This would be possible as today’s cars would cease to circulate such areas. According to the report, on 30mph roads, almost half of drivers tend to travel above the speed limit and around 15% travel at more than 35mph.
Building on that, on-street parking is also set to be eliminated and new and better cycling routes set to be created.
The companies predict AVs will only use suburban residential roads to pick-up and drop-off local residents.
As a consequence of freed up space, the report says old front gardens will be restored, increasing biodiversity and drainage in the area they are located in, reducing flood risk.
In the report it says that around a third of front garden spaces has been paved to become a parking space. Across the country, this is equivalent to 1400 hectares of land.
By converting half of that land into a garden, this would stop or significantly slow up to 2,400 litres/second of rainfall entering the system and causing flooding.
The report says that "if a shared use solution for AVs was available to a suburban community, offering appropriately sized vehicles within minutes, supplied from local hubs, and with significantly lower costs than running a car year-round, then interest and demand would grow fast."
The UK’s motorways are set to be one of the first places where driverless cars will be first put to test alongside drivers.
The study suggest that the best long term option is to create motorways dedicated to AVs and motorways for manned vehicles.
On a fully driverless route, fixed, formal and marked lanes will not be needed, as well as road signs and even speed limits. The report also suggests that high priority lanes or convoys could be created for a "pay-as-you-go motorway" with live revenue stream, irrespective of vehicle ownership.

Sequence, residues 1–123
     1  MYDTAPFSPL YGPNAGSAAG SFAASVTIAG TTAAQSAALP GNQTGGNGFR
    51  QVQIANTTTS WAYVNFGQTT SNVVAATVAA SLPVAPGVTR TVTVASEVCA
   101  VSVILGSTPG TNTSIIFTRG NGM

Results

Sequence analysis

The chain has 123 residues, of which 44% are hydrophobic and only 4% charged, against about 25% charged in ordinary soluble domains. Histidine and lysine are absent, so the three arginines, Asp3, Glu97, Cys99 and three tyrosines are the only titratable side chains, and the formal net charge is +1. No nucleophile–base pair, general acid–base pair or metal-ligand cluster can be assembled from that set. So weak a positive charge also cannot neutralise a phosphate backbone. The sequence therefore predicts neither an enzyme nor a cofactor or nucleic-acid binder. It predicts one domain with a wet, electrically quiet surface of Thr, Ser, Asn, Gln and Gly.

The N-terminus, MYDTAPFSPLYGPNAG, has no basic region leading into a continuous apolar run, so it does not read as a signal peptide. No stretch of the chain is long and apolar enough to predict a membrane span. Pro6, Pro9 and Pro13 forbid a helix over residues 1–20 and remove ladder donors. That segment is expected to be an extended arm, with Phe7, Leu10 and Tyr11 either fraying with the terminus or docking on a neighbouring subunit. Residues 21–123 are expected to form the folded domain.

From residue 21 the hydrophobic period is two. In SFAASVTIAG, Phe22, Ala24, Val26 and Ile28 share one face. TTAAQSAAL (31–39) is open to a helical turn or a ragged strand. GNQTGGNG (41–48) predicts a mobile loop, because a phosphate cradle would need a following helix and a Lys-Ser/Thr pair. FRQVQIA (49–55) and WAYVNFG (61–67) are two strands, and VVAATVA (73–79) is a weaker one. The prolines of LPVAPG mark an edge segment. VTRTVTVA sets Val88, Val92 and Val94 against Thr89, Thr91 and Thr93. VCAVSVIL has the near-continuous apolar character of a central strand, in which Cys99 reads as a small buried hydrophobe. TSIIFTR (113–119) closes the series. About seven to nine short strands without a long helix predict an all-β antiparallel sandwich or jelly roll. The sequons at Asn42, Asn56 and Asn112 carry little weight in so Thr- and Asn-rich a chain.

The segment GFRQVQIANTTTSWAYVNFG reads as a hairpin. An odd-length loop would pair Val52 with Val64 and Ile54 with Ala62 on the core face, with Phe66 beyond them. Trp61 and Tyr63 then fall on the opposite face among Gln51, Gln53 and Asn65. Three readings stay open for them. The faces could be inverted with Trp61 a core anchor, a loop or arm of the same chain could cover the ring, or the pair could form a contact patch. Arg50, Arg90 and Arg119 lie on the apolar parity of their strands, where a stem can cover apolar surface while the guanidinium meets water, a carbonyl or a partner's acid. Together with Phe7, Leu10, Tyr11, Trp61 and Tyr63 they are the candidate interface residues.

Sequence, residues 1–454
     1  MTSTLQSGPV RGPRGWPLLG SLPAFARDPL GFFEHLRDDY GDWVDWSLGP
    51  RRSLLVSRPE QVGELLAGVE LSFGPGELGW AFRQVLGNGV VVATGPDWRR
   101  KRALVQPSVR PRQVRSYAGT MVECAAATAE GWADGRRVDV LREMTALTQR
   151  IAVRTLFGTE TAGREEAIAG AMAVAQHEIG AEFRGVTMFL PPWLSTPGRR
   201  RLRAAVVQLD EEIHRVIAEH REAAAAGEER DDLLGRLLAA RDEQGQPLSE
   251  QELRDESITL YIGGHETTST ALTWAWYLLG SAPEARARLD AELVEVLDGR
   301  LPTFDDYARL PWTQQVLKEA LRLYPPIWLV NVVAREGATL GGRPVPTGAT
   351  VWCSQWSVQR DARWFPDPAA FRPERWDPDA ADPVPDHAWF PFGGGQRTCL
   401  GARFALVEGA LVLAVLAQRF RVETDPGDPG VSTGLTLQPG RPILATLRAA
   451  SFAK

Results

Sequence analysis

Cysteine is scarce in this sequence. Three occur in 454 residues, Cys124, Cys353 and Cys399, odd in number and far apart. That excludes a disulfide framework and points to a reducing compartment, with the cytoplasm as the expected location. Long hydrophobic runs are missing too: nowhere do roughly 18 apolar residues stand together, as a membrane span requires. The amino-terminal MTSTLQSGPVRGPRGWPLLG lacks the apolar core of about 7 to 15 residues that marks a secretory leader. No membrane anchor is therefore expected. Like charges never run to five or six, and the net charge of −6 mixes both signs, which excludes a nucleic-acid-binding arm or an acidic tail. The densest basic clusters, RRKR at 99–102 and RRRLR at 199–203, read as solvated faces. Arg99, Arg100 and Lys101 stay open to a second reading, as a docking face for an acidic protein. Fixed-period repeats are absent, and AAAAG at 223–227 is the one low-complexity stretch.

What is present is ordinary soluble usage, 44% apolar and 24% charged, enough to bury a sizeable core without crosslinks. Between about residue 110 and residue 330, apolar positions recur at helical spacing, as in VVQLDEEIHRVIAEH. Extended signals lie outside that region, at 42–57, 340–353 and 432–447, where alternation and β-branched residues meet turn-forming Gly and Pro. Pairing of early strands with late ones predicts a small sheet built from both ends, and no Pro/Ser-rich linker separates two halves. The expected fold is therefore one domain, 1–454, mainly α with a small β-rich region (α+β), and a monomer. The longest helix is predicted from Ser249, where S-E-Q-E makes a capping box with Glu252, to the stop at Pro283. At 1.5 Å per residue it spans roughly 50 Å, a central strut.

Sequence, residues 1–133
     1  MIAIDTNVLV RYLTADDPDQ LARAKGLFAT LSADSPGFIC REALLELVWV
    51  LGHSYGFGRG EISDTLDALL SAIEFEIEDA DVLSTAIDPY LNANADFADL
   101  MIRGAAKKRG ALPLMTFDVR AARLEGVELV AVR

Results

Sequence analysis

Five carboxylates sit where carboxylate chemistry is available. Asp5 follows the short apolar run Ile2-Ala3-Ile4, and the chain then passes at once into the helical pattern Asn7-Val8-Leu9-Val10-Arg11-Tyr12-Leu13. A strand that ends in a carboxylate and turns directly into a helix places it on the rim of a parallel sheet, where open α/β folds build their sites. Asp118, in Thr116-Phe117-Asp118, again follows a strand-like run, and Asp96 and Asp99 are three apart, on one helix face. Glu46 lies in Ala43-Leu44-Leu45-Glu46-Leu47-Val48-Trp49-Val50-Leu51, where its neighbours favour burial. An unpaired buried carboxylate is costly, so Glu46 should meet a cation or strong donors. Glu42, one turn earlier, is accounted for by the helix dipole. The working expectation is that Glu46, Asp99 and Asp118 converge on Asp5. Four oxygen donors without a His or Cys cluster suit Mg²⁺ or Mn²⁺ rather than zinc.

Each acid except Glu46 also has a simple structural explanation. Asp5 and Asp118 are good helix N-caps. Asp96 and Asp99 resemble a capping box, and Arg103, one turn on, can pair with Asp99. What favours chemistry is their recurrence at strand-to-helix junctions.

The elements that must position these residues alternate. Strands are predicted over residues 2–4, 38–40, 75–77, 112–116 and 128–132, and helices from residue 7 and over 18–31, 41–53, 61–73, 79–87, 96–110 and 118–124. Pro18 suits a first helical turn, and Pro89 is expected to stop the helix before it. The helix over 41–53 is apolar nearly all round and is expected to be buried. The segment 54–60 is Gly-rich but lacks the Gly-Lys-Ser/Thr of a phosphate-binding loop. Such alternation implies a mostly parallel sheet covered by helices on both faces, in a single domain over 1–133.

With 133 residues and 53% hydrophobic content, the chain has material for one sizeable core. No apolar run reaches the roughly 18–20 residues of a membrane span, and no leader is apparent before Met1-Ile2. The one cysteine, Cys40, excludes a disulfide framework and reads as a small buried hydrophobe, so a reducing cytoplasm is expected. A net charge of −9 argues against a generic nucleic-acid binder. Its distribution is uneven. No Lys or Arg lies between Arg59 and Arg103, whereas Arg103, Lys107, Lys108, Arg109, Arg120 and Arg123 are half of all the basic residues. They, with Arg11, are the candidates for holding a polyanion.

Freight lanes or convoys could also be formed to match demand outside peak times. The study claims journey times will be more reliable due to real-time connected systems and passenger comfort would also be enhanced as shockwave braking and poor driver reactions would end.
In terms of security, if even only half of accidents on British motorways were to be erased, this could generate savings of £240m per year. A 90% reduction would save as much as £400m, excluding costs of delays that occur as a result of motorway incidents..
According to the DfT, 5500 accidents occurred on British motorways in 2014, including 85 fatalities and almost 600 serious injuries.
AVs take-up in rural areas is likely to be driven by better access and mobility, rather than congestion reduction or land value increase.
According to the report, 93% of households in rural villages, hamlets and isolated dwellings own a car (in contrast, only 56% of households in Inner London have a car).
For rural centres and market towns, AVs will again free-up space and allow it to be used for new common spaces such as town squares or village centres.
The study says that a share AV system will also help fight back rural isolation by boosting mobility and access for locals. This would, for example, benefit younger generations that cannot afford to buy a car or elderly people that cannot physically drive a vehicle anymore.
It would also enhance access to healthcare, schools, community centres and social activities. For local businesses, AVs could also reduce the costs of deliveries and logistics, enabling them to expand their geographic outreach.